The design of the park was inspired by two aspects. The first is the architectural style of Tel Aviv

and the urban landscape known as the "White City", which is reflected in the curvilinear aesthetics

of the building and the application of long windows. The second is the complex and ever-changing

characteristics of the city. The park integrates different functional blocks to create a unique

atmosphere. Specifically, the "city" is divided into four centers: "Downtown", which presents an

industrial style; Midtown, which showcases diverse play areas; gardens, green outdoor areas; and

"Uptown," which has the feel of a boutique hotel. The atrium plaza runs through the upper and

lower floors, creating a sense of continuity and connectivity in the space. This three-dimensional

and open urban layout provides rich guidance and diverse possibilities.


This innovative design integrates different roles within the campus, including employees from sales

and marketing to research and development. Among them, the Israel R&D Center is the first R&D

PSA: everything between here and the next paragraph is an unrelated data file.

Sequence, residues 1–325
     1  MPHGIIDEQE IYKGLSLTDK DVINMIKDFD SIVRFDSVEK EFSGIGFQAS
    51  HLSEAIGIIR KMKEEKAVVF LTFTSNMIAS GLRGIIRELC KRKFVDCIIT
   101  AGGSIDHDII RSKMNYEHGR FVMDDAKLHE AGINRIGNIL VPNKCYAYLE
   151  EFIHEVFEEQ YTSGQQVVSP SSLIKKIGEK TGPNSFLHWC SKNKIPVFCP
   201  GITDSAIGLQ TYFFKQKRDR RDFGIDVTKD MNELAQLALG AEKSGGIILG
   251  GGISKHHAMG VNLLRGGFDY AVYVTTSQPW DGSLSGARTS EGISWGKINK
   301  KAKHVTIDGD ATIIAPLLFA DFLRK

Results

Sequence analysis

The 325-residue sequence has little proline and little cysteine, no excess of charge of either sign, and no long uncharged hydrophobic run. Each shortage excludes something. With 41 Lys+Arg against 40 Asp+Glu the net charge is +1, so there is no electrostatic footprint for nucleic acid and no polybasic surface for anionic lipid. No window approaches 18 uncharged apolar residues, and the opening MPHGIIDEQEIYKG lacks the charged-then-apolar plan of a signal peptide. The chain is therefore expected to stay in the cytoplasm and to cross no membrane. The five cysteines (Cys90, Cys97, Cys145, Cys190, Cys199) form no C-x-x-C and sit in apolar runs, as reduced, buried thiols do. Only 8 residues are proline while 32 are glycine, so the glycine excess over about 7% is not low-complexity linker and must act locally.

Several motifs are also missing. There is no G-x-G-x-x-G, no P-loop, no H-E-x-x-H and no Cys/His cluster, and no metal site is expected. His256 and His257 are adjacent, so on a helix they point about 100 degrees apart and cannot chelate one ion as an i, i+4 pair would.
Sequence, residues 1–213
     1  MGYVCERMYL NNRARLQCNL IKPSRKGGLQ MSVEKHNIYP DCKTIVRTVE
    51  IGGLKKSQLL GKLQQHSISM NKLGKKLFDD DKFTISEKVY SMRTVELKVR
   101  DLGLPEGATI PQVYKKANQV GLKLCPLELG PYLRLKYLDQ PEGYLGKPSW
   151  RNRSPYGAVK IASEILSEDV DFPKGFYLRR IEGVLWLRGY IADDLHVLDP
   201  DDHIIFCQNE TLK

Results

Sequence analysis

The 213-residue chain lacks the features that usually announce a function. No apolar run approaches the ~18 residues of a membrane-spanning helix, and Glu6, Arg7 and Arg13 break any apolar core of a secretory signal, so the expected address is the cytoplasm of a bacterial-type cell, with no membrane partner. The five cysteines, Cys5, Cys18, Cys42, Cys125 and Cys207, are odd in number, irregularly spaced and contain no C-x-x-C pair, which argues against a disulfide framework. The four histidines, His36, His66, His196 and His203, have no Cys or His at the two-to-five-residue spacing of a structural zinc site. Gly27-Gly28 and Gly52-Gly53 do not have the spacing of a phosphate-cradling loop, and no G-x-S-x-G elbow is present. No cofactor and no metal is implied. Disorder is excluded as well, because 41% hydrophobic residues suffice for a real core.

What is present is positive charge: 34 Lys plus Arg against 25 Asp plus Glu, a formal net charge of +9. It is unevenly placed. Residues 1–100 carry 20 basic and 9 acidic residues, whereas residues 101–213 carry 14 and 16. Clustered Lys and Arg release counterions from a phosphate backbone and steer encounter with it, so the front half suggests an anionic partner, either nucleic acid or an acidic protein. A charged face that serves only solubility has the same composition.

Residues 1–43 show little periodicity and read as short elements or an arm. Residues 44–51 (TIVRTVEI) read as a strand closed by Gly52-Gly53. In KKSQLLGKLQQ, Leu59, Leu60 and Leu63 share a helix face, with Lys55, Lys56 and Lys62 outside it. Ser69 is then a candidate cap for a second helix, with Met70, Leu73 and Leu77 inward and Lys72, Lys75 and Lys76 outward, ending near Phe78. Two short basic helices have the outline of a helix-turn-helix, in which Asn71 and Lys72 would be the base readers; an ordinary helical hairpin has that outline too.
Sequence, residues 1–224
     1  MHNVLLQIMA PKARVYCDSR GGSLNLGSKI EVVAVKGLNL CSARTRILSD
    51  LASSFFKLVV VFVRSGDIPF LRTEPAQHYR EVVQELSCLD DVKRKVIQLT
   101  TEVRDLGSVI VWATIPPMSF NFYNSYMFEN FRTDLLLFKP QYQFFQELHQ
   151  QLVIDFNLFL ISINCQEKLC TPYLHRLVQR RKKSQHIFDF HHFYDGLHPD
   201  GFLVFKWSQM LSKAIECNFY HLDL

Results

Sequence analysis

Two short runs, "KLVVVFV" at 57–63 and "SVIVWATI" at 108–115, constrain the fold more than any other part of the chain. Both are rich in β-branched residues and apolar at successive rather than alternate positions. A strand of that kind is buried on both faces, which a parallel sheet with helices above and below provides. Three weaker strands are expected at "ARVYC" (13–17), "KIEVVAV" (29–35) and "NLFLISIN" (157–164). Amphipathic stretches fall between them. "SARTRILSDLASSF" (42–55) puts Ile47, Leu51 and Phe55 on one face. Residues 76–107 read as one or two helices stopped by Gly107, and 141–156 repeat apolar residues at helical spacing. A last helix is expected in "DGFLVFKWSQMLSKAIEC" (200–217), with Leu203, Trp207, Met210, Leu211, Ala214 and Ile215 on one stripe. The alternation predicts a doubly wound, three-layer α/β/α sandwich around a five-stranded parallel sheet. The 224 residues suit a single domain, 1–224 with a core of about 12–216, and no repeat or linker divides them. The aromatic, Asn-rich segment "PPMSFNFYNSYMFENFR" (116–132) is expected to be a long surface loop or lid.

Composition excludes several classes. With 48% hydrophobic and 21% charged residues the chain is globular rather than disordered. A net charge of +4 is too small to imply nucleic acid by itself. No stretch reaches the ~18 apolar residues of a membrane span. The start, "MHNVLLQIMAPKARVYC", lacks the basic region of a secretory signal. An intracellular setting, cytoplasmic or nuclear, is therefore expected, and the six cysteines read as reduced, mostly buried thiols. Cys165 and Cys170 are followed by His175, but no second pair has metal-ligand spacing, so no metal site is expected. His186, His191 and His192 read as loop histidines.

base established by Microsoft outside the United States. It was established in 1991 and has now

become an important force in the fields of network security and artificial intelligence.





Flexible public and personal spaces Design Ideas


In terms of space design, the park applies Microsoft's small team work "community" concept. Each

community not only provides the possibility of public communication, but also ensures privacy as

needed. Each community has its own small meeting room. This design not only takes into account

the needs of communication in the public area and the privacy of small teams, but also has the

possibility of flexible adjustment. Operational flexibility is critical. Employees have autonomy over

how they work. The desk is on casters and comes with over 2 meters of cable so it can be relocated

without contacting building services. Among the various workspace options, employees can choose

different areas according to their preferences and work content. The transparent sight lines indoors

and outdoors and the introduction of the atrium square reduce the sense of isolation and monotony.